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$A, B$ are $n\times n$ Matrix, and $ABAB=0_{n\times n}$. Could we conclude that $BABA$ must be $0_{n\times n}$?

I fail to give a counterexample when $n=2$, so I guess the answer is "yes"

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  • $\begingroup$ This is a duplicate question, but I have difficulty locating the question it is duplicate of (maybe it used different letters). $\endgroup$ – Marc van Leeuwen Jan 5 '14 at 16:47
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This is Putnam 1990-A5, and there are counterexamples for every $n\ge 3$, i.e., $$ A=\begin{pmatrix} 0 & 0 & 0 \cr 0 & 1 & 0 \cr 0 & 0 & 1\end{pmatrix},\; B=\begin{pmatrix} 0 & 1 & 0 \cr 0 & 0 & 1 \cr 0 & 0 & 0\end{pmatrix}, $$ Then $ABAB=0$, but $BABA=\begin{pmatrix} 0 & 0 & 1 \cr 0 & 0 & 0 \cr 0 & 0 & 0\end{pmatrix}$.

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My idea for a counterexample: For $n=3$: take $A$ to be the homomorphism that kills the first line of a vector, $B$ the homomorphism that moves every line one up, but the first line which will stay in place. This can be generalized for $n \geq 3$.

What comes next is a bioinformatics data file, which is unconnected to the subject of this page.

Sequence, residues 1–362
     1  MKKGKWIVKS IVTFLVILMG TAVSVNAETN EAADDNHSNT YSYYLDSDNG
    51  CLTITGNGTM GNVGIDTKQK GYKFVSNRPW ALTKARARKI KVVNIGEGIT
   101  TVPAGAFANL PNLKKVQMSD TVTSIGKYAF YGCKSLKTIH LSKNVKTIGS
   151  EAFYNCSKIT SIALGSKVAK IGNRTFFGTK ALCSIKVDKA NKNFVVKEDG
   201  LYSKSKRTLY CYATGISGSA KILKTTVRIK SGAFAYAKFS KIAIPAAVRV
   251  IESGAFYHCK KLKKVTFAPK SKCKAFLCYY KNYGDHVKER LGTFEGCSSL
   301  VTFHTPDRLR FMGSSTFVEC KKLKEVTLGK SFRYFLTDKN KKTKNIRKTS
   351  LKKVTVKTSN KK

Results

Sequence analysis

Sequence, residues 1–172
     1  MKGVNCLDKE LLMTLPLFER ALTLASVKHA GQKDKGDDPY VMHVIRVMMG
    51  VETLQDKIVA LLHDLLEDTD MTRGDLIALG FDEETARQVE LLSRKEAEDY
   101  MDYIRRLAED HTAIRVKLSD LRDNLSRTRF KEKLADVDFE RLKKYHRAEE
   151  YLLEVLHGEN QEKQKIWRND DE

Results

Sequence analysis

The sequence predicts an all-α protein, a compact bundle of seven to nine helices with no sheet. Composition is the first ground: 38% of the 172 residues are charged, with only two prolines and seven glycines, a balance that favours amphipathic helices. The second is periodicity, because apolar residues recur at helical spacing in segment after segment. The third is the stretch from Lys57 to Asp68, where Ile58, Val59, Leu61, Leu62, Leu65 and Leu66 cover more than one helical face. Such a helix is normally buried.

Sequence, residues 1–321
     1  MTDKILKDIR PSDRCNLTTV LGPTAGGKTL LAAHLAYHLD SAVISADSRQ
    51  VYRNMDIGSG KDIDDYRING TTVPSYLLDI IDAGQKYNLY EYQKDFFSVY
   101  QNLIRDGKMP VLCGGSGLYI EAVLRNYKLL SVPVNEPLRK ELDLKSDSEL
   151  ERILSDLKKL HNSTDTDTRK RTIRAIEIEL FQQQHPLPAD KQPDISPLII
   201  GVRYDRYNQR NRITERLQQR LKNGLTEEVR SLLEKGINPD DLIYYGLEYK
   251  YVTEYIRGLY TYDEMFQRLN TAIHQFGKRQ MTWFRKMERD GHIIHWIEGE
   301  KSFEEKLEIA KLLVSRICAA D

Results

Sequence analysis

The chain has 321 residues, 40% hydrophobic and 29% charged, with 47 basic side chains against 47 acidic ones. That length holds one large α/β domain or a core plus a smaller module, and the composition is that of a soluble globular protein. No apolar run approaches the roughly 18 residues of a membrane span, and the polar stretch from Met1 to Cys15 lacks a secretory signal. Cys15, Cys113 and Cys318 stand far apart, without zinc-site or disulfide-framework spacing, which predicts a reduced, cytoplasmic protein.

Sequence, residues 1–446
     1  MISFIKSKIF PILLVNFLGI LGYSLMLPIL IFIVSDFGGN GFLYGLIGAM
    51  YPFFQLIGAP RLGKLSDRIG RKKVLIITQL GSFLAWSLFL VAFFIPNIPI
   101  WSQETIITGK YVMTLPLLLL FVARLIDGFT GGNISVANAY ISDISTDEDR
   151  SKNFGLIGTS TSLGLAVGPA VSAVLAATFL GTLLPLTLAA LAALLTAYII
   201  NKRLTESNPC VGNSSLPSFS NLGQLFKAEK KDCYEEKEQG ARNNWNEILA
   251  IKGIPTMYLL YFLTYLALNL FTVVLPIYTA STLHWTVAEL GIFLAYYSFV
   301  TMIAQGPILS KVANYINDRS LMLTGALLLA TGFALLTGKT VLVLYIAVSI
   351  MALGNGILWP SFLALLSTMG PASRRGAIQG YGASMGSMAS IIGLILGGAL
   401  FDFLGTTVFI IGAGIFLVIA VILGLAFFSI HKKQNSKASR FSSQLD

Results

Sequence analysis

Edit: As I was typing this question was still without answer. Of course the answer above is just the matrix version of what I wrote (with the slight difference that above $B$ actually 'kills' the first line)

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For $n = 2$: The characteristic polynomials of $AB$ and $BA$ are the same (for any $n$). Therefore, if $AB$ is nilpotent then $BA$ is also nilpotent. So, we necessarily have $BABA = (BA)^2 = 0$.

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